AVHRR - Advanced Very High Resolution Radiometer

CENAPRED - Centro Nacionale de Prevencion de Desastres (México)

CONRED - Coordinadora Nacional para la Reducción de Desastres

COSPEC - Correlation Spectrometer

CVGHM (formerly VSI) - Center of Volcanology and Geological Hazard Mitigation

CVO - Cascades Volcano Observatory (USGS)

GMS - Geostationary Meteorological Satellite

GOES - Geostationary Operational Environmental Satellite

GVO - Goma Volcano Observatory

GVP - Global Volcanism Program (Smithsonian Institution)

HVO - Hawaiian Volcano Observatory (USGS)

ICE - Instituto Costarricense de Electricidad (Costa Rica)

IG - Instituto Geofísico (Ecuador)

IGNS - Institute of Geological and Nuclear Sciences (New Zealand) - now GNS Science

INETER - Instituto Nicaragüense de Estudios Territoriales (Nicaragua)

INGEMMET - Instituto Geológical Minero y Metalúrgico (Peru)

INGEOMINAS - Instituto Colombiano de Geología y Minería (Colombia)

INGV-CT - Istituto Nazionale di Geofisica e Vulcanologia - Sezione di Catania (Italy)

INSIVUMEH - Instituto Nacional de Sismologia, Vulcanologia, Meteorologia e Hidrologia (Guatemala)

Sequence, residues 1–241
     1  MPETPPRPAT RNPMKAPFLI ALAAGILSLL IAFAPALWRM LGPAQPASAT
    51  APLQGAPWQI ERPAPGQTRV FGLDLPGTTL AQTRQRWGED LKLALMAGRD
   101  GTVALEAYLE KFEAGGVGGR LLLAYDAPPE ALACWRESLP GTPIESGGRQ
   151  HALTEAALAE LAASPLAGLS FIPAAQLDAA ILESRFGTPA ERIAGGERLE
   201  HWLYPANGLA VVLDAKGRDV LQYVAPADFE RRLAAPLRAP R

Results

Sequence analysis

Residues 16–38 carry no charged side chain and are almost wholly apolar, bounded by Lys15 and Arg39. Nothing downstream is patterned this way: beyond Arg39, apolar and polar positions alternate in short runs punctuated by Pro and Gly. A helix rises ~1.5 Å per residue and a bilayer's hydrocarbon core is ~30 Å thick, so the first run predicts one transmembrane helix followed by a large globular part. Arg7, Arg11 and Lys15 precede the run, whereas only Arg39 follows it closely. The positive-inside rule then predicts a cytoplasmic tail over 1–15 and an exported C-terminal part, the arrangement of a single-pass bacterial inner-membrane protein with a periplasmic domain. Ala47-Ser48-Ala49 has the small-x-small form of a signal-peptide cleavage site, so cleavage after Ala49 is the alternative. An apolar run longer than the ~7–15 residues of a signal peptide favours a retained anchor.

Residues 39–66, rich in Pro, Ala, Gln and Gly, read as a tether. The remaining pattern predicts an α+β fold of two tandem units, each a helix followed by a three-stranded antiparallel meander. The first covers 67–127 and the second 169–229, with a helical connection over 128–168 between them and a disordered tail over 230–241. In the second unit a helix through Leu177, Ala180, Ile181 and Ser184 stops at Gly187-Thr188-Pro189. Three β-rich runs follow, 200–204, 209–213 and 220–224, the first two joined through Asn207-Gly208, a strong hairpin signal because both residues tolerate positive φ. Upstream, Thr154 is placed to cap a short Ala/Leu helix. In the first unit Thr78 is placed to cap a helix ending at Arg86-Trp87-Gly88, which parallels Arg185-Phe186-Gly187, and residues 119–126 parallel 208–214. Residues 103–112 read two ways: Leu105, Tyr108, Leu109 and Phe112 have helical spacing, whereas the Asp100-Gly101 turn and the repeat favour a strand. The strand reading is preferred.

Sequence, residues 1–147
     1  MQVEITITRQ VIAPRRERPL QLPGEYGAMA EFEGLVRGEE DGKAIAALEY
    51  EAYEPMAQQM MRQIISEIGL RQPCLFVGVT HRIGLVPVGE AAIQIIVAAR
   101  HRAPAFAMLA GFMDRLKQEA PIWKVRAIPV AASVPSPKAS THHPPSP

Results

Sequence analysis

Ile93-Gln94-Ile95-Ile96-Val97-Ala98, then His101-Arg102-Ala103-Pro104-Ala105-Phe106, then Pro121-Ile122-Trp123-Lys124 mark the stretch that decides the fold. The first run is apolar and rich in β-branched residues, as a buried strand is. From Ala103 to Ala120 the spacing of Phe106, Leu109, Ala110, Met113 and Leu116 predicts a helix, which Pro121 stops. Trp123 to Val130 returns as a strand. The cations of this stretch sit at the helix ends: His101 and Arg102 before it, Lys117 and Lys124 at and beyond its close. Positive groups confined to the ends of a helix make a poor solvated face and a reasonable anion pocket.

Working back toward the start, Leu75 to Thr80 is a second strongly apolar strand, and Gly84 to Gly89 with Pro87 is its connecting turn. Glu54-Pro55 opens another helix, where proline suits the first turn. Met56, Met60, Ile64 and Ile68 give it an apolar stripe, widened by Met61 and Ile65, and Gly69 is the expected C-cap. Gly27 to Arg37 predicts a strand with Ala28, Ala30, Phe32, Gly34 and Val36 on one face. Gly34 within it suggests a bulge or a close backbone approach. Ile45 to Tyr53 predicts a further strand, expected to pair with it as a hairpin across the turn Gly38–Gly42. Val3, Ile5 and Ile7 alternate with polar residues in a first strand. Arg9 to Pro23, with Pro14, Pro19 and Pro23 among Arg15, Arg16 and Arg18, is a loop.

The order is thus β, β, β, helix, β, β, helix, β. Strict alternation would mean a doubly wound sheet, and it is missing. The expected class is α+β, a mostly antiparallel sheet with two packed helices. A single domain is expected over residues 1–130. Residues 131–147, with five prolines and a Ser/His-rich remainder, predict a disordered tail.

IRD - Institut de Recherche pour le Développement (France)

JMA - Japanese Meteorological Agency

KEMSD - Kamchatkan Experimental and Methodical Seismilogical Department

KVERT - Kamchatkan Volcanic Eruption Response Team

M - magnitude

METEOSAT - Meteorological Satellite

MEVO - Mount Erebus Volcano Observatory

MODIS - Moderate Resolution Imaging Spectroradiometer

MVO - Montserrat Volcano Observatory

MWO - Meteorological Watch Office

NEIC - National Earthquake Information Center

NIED - National Research Institute for Earth Science and Disaster Prevention (Japan)

NOAA - National Oceanic and Atmospheric Administration

NOTAM - Notice to Airmen

OVDAS - Observatorio Volcanologico de los Andes del Sur (Chile)

OFDA - Office of US Foreign Disaster Assistance

ONEMI - Oficina Nacional de Emergencia - Ministerio del Interior (Chile)

OVPDLF - Observatoire Volcanologique du Piton de la Fournaise (France)

OVSICORI-UNA - Observatorio Vulcanologico y Sismologico de Costa Rica, Universidad Nacional (Costa Rica)

PHIVOLCS - Philippine Institute of Volcanology and Seismology (Philippines)

RSAM - Real-time Seismic Amplitude Measurement

RVO - Rabaul Volcano Observatory

SERNAGEOMIN - Servicio Nacional de Geologia y Mineria (Chile)

SIGMET - Significant Meteorological Information

SNET - Servicio Nacional de Estudios Territoriales (El Salvador)

SVERT - Sakhalin Volcanic Eruption Response Team (Russia)

USAID - US Agency for International Development

USGS - United States Geological Survey

UTC - Coordinated Universal Time

VAAC - Volcanic Ash Advisory Center

VAFTAD - Volcanic Ash Forecast Transport And Dispersion

VDAP - Volcano Disaster Assistance Program (USGS)

VHP - Volcano Hazards Program (USGS)

VRC - Volcano Research Center (Japan)